I just seem to go round and round looking for an exit, and got into an abandoned wing of the shopping centre which looked a bit seedy and smelt of wee.  Got to like the “Parkings” sign!

Back at the Nokia arena, I got to visit some of the contestants there…

Meet the robots!  They are all made of mostly steel, weigh upto about 40 kilos, have an upright arm for grabbing objects, share the same control system (wireless by laptop)  and are sponsored by companies big and small.   There is a bumper, a rubber or foam insulator around the whole thing to protect from knocking into things.   I don’t know much about the rules and specs they had to be built to, but I do know they are not mean to attack each other or people 🙂

The teams are almost all Israelis, secular and religious Jews, Arabs and a team from the military too, plus was one foreign team from Bosnia.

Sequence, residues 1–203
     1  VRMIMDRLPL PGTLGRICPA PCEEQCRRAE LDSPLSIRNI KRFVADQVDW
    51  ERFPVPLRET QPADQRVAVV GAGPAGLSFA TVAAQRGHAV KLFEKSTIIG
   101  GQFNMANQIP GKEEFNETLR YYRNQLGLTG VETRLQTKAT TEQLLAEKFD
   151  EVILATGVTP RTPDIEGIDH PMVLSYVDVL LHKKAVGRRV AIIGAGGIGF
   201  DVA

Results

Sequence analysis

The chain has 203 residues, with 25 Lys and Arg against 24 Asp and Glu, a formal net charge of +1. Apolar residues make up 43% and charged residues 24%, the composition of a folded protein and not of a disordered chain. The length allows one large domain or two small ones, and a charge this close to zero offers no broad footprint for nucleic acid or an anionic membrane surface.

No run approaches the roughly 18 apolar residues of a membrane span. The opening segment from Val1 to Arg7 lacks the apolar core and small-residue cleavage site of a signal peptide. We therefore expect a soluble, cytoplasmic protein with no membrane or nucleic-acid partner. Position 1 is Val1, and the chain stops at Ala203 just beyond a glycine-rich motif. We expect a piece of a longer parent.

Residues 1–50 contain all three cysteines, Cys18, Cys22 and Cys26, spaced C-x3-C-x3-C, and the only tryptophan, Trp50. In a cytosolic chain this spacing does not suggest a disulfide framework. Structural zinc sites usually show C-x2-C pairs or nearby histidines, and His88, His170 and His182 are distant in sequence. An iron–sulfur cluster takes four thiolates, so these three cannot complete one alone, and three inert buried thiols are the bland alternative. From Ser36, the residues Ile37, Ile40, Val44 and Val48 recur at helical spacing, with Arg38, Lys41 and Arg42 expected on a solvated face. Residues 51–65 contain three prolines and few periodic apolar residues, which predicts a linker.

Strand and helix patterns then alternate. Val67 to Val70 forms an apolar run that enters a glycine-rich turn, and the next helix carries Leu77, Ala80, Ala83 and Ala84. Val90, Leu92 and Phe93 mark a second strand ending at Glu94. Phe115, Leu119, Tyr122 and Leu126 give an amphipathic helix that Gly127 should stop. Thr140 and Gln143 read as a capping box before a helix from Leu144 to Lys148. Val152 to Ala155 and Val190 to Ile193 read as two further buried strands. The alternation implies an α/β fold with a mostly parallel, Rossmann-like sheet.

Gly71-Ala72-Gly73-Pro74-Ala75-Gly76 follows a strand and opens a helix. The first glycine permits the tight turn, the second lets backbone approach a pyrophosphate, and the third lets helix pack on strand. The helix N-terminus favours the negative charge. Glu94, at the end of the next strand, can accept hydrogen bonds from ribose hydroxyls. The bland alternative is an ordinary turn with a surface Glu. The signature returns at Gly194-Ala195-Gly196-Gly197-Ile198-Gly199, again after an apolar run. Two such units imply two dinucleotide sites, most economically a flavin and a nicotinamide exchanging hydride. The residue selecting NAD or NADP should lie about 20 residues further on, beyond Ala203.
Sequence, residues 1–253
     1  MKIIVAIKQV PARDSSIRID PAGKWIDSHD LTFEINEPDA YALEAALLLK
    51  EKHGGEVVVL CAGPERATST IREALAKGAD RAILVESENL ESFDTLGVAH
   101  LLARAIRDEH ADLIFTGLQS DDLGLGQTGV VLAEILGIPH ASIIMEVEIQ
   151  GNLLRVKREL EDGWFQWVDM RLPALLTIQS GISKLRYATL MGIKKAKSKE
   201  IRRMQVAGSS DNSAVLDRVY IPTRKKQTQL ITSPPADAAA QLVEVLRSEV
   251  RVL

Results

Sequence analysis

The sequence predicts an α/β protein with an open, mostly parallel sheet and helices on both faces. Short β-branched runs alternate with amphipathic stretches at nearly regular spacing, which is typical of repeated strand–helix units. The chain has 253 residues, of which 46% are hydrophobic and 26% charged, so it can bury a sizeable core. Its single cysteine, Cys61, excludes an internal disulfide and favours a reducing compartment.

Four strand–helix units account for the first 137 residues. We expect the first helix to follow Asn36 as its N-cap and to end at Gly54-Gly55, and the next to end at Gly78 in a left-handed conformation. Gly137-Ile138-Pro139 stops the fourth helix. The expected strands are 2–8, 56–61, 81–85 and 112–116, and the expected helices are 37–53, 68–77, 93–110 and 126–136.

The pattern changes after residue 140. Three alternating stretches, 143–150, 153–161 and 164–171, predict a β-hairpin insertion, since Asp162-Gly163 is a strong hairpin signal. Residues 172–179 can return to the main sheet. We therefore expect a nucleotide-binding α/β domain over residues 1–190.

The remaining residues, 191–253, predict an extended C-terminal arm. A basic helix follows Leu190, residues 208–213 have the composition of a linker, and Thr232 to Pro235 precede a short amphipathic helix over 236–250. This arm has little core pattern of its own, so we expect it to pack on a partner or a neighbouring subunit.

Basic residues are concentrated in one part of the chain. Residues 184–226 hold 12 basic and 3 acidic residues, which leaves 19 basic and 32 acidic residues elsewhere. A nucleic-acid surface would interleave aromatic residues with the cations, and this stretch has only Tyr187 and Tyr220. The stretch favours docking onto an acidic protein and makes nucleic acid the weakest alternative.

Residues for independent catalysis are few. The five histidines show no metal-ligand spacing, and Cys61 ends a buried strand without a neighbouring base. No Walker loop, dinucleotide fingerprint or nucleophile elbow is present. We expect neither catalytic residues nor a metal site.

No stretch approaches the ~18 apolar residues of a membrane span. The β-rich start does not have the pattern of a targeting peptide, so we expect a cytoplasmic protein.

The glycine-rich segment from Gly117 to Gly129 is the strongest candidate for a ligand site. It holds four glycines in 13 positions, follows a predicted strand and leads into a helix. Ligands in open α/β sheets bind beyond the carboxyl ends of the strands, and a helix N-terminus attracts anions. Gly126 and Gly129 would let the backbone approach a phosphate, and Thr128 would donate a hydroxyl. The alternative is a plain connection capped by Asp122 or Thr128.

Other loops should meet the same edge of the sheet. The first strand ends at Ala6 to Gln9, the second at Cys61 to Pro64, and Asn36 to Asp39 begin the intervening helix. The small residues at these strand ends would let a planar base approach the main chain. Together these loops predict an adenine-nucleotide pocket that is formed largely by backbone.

Part 1: Setting up at the arena
Part 2: Meet the robots
Part 3: Robot inner workings
Part 4: Competition

Tel Aviv – robotics competition Part 1 The Arena

I am up at 5.30am, its dark, I  get some tea and go out onto balcony to get some fresh air and be ready to leave the house at 6.

My friend Dan picks me up and Theuno, another volunteer from South Africa and we head off to Tel Aviv.

Instead of doing normal IT administrator work and helping our staff in the office, I have got to work on a community project, its for a robotics competition where groups of young engineers get ready to design, build a remote controlled mechanical device in teams.